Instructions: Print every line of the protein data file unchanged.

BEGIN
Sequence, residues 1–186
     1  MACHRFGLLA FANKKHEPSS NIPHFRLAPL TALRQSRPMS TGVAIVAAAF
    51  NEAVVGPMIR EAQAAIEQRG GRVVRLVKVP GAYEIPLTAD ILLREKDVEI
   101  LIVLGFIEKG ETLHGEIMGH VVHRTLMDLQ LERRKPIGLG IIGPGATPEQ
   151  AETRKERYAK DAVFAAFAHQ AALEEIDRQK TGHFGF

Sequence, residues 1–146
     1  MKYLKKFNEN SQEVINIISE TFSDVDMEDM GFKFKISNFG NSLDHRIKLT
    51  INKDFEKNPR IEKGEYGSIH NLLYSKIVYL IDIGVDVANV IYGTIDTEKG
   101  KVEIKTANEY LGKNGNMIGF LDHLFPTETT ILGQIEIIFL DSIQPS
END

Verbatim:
Sequence, residues 1–186
     1  MACHRFGLLA FANKKHEPSS NIPHFRLAPL TALRQSRPMS TGVAIVAAAF
    51  NEAVVGPMIR EAQAAIEQRG GRVVRLVKVP GAYEIPLTAD ILLREKDVEI
   101  LIVLGFIEKG ETLHGEIMGH VVHRTLMDLQ LERRKPIGLG IIGPGATPEQ
   151  AETRKERYAK DAVFAAFAHQ AALEEIDRQK TGHFGF

Sequence, residues 1–146
     1  MKYLKKFNEN SQEVINIISE TFSDVDMEDM GFKFKISNFG NSLDHRIKLT
    51  INKDFEKNPR IEKGEYGSIH NLLYSKIVYL IDIGVDVANV IYGTIDTEKG
   101  KVEIKTANEY LGKNGNMIGF LDHLFPTETT ILGQIEIIFL DSIQPS